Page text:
The Rule of Law, Freedom, and Prosperity
Todd J. Zywicki
George Mason University School of Law; PERC - Property and Environment Research Center
George Mason Law & Economics Research Paper No. 02-20
After decades of neglect, interest in the nature and consequences of the rule of law has revived in recent years. In the United States, the Supreme Court's decision in Bush v. Gore has triggered renewed interest in the nature of the rule of law in the Anglo-American tradition. Meanwhile, economists have increasingly come to realize the importance of political and legal institutions, especially the presence of the rule of law, in providing the foundation of freedom and prosperity in developing countries. The emerging economies of Eastern Europe and the developing world in Latin America and Africa have thus sought guidance on how to grow the rule of law in these parts of the world that traditionally have lacked its blessings. This essay summarizes the philosophical and historical foundations of the rule of law, why Bush v. Gore can be understood as a validation of the rule of law, and explores the consequences of the presence or absence of the rule of law in developing countries.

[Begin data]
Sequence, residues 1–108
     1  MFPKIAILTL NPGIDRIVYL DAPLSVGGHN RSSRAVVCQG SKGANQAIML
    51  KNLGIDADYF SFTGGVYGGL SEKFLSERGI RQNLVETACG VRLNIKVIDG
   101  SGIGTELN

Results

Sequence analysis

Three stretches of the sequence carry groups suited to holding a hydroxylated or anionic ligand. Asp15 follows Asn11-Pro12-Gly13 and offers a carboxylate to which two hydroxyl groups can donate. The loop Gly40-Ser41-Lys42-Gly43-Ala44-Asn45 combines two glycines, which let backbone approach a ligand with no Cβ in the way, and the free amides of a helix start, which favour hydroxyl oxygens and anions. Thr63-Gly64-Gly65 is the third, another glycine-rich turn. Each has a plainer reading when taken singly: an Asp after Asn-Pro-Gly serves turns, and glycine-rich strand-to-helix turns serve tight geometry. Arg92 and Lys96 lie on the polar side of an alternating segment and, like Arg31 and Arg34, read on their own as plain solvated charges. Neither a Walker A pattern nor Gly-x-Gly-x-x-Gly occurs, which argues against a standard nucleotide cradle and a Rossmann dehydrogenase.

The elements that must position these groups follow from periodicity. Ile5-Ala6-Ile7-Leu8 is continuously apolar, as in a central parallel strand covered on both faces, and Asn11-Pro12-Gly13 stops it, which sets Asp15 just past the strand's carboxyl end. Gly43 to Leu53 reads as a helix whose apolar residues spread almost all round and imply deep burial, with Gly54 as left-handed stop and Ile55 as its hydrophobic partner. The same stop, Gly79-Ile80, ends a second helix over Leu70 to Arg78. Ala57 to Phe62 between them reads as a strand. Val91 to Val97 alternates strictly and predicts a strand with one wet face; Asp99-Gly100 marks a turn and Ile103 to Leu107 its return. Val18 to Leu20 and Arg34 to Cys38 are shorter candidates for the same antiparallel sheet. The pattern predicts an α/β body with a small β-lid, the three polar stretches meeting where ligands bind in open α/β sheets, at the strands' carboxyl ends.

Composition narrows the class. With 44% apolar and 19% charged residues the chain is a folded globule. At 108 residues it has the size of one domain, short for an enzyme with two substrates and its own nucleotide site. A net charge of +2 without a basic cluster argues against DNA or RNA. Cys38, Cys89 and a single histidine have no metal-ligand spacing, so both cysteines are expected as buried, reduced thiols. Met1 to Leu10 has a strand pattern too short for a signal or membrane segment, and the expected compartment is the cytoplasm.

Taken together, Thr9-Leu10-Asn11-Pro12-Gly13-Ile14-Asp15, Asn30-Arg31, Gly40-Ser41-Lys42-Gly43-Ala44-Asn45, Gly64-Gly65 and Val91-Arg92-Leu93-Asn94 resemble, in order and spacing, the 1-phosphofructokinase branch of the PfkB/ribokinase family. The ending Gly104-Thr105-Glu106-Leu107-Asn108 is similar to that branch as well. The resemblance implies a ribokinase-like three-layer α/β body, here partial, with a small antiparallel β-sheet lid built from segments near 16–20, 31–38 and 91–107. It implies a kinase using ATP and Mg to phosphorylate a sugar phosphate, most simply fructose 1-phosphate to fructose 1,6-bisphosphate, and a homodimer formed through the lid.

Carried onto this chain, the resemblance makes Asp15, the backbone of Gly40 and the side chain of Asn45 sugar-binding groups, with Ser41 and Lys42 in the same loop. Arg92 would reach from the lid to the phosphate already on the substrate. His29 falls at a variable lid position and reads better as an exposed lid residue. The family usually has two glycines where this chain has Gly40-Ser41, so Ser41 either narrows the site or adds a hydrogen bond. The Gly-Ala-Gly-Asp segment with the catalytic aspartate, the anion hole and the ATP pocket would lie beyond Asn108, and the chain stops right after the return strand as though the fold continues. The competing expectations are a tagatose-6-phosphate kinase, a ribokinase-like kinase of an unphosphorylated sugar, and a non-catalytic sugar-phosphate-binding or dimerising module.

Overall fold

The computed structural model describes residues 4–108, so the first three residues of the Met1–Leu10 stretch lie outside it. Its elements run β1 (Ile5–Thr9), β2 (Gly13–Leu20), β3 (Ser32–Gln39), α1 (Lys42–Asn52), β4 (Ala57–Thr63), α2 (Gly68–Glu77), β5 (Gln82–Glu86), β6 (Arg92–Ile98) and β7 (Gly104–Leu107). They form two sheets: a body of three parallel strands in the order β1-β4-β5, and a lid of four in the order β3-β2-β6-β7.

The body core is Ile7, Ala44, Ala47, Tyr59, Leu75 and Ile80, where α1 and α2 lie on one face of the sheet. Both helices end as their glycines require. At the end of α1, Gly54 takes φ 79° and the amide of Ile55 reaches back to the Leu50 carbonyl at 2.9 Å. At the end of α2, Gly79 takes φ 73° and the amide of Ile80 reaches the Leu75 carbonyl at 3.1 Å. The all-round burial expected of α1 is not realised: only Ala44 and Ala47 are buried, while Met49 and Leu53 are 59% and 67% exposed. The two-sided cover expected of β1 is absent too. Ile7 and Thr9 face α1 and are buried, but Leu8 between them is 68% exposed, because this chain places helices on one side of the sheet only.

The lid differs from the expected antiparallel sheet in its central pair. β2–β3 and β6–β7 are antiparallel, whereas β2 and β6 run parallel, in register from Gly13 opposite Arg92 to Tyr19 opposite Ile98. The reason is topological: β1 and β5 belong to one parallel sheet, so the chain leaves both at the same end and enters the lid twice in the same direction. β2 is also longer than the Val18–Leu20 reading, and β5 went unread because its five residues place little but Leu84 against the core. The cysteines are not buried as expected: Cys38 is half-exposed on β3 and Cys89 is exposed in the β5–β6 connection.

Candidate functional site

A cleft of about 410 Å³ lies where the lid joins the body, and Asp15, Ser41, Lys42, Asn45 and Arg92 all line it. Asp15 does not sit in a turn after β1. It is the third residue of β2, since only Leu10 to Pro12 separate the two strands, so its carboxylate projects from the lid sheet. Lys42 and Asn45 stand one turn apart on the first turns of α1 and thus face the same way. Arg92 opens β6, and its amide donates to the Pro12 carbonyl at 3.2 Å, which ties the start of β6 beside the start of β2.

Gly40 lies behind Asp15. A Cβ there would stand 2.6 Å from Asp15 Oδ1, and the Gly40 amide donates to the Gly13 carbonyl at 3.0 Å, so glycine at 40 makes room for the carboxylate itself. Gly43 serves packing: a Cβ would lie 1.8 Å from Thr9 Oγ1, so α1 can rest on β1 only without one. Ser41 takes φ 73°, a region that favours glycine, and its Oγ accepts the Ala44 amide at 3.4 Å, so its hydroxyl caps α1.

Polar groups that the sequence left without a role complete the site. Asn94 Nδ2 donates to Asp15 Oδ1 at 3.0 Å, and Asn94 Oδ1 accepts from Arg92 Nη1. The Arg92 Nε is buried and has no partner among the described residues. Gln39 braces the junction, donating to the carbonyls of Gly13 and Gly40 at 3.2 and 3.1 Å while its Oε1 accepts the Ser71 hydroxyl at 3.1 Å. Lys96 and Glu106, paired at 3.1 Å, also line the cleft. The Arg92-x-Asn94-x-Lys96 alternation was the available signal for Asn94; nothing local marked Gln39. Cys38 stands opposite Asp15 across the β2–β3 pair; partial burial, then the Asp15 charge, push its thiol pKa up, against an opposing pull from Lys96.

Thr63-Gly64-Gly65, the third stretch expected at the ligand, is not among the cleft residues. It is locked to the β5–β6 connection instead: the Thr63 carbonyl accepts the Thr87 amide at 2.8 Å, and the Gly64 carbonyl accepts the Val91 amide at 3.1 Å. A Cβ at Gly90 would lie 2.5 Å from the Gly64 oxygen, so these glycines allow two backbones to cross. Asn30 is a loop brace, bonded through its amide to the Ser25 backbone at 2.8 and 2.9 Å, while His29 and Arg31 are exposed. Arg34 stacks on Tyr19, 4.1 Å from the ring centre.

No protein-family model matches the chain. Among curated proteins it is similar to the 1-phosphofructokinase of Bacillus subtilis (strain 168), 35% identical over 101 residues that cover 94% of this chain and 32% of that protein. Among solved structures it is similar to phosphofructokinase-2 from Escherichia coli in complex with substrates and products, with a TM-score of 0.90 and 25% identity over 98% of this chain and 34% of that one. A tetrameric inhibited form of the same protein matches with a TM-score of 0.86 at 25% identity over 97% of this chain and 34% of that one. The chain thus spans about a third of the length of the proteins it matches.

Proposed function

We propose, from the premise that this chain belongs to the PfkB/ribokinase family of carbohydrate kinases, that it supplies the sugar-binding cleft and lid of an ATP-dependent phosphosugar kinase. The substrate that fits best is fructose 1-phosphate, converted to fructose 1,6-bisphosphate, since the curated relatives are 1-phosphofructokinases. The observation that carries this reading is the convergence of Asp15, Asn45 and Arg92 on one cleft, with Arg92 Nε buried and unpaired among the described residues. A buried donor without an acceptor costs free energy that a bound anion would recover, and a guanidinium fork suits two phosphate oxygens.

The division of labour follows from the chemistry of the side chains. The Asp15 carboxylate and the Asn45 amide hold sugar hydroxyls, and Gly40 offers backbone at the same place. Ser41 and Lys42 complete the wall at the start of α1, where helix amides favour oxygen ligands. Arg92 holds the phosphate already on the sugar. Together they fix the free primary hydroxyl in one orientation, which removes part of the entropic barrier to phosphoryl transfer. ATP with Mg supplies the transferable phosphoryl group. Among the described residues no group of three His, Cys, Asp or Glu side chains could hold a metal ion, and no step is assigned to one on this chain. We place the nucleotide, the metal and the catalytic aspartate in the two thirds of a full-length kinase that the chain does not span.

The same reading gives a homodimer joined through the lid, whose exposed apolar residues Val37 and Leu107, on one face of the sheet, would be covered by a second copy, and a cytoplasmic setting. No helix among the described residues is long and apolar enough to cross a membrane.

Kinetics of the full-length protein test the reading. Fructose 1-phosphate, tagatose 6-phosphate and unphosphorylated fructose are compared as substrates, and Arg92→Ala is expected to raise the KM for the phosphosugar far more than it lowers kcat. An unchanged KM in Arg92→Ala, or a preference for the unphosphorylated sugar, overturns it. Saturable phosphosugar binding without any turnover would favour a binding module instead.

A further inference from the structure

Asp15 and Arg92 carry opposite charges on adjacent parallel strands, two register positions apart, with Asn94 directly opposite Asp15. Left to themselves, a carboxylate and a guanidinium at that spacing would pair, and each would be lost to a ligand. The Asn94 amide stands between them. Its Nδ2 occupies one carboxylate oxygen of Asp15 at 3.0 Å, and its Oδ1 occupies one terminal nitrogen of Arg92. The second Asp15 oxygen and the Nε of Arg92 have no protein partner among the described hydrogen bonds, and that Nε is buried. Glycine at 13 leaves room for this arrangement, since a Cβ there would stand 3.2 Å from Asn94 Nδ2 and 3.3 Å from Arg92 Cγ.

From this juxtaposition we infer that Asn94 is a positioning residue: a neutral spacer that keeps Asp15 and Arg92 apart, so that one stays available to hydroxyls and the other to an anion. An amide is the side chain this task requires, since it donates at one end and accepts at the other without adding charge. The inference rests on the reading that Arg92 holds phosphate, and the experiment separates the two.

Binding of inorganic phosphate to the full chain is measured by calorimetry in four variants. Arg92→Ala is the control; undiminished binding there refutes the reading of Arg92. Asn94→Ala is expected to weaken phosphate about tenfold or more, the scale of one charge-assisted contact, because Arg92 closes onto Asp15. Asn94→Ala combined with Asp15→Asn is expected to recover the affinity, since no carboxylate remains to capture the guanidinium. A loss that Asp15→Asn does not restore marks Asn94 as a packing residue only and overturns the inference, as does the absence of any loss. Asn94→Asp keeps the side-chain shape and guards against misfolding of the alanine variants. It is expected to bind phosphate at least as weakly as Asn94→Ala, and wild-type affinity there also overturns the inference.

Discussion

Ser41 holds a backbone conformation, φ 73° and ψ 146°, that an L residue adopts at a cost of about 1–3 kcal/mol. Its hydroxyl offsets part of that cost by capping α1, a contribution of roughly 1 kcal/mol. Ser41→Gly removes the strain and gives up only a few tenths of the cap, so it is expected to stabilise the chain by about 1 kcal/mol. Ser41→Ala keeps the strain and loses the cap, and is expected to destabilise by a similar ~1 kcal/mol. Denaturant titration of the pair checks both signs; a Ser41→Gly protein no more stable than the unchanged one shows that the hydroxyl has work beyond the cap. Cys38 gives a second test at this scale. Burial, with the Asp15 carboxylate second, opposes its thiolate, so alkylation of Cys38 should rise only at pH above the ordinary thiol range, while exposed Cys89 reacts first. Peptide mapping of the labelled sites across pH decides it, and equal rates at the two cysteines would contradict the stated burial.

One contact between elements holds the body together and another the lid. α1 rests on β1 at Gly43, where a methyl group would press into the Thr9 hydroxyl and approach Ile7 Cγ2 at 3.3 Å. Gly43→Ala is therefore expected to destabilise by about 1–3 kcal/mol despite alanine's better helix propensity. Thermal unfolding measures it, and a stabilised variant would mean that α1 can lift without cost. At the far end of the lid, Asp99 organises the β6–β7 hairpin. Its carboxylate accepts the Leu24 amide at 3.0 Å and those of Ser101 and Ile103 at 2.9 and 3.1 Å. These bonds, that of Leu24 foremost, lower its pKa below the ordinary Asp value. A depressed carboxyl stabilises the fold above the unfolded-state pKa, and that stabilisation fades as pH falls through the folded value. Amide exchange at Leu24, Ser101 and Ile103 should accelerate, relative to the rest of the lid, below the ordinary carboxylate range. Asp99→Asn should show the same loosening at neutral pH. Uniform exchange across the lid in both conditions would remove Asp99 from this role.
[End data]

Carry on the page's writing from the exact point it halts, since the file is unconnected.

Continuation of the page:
Number of Pages in PDF File: 19
JEL Classification: K00, O10, O17, H10working papers series
Date posted: August 22, 2002
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